Tamil Nadu CM invokes memory of 19th-century Malayali icon who chopped off breasts to protest horrendous tax

Paintings on the sacrifice of Nangeli by T Murali. Sourced from a Manorama Online article

Tamil Nadu Chief Minister MK Stalin on Monday invoked the legend of Nangeli, a 19th-century Malayali woman who chopped off her breasts protesting the 'breast tax' imposed on members of the lower caste in the princely state of Travancore.

Stalin was speaking at Nagercoil on the 200th anniversary of the 'Thol Seelai Porattam', also known as the 'Maaru Marakkal Samaram' or the Channar Revolt, a piece of history shared by Kerala and Tamil Nadu from the pre-Independence era.

Nagercoil in the Kanyakumari district along with a few other southern regions of Tamil Nadu was part of the Travancore Kingdom that ruled most parts of southern Kerala. The commemorative event was attended by Kerala Chief Minister Pinarayi Vijayan.

During his address, Stalin recalled the various 'injustices' from the past, notably the 'breast tax', which he remarked was extremely vile. "In Thiruvithamkoor (Travancore), lower caste women were not allowed to cover their breasts. Those who dared were tortured. A breast tax was imposed on them. Can there be any worst form of injustice?" Stalin said.

It was then that he paid tribute to Nangeli, without naming her. "There was a woman who chopped off her breasts protesting the taxation."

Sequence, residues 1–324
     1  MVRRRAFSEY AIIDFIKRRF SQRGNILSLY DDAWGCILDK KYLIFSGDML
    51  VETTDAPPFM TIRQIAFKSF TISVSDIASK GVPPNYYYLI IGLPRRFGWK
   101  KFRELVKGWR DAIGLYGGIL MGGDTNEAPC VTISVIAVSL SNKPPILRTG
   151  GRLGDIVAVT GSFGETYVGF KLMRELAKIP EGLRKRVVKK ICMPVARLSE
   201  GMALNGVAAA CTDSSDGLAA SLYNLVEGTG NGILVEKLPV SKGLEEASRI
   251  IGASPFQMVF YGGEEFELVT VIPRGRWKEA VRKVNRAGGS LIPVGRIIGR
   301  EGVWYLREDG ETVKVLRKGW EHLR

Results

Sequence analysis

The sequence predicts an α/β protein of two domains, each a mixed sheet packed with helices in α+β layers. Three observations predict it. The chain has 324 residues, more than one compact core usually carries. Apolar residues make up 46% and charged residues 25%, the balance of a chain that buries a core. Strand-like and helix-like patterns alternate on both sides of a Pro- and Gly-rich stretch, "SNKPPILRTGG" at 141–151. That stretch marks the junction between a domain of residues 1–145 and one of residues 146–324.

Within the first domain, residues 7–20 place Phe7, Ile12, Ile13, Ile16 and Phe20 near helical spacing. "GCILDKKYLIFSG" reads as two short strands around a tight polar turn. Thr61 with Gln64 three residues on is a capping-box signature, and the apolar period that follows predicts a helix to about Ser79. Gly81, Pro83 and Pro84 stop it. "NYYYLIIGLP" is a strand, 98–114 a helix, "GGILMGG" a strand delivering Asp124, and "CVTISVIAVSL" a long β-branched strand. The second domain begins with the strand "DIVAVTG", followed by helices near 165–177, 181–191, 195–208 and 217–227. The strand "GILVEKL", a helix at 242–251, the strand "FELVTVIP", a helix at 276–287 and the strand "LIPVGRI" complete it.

The history books say that Nangeli's protest that claimed her life sparked an uprising in Travancore leading to the Channar Revolt that ended with King Uthram Thirunal Marthanda Varma's 1859 proclamation allowing lower caste women to cover their breasts.

The forgotten legend
Nangeli was a lower-caste woman who lived in Cherthala in the Alappuzha district. Back then, women of lower castes in Travancore were prohibited from covering their breasts.

The authorities extracted a 'breast tax' from women according to the size of their breasts.

According to the legend, Nangeli dared to oppose the 'breast tax' and wore a 'melmundu' (upper cloth) that angered the upper-caste men.

One day the tax collectors knocked on her door. Freshly-cut plantain leaves had been laid out in front of the house for the tax to be placed upon as an offering. But Nangeli confronted them with a sickle.

To the horror of the authorities, she chopped off her breasts and they fell on the plantain leaves. She bled to death, but her sacrifice infuriated the lower-caste women who rose in protest.

The place Nangeli lived was later called 'Mulachi Parambu' (place of woman with breasts).

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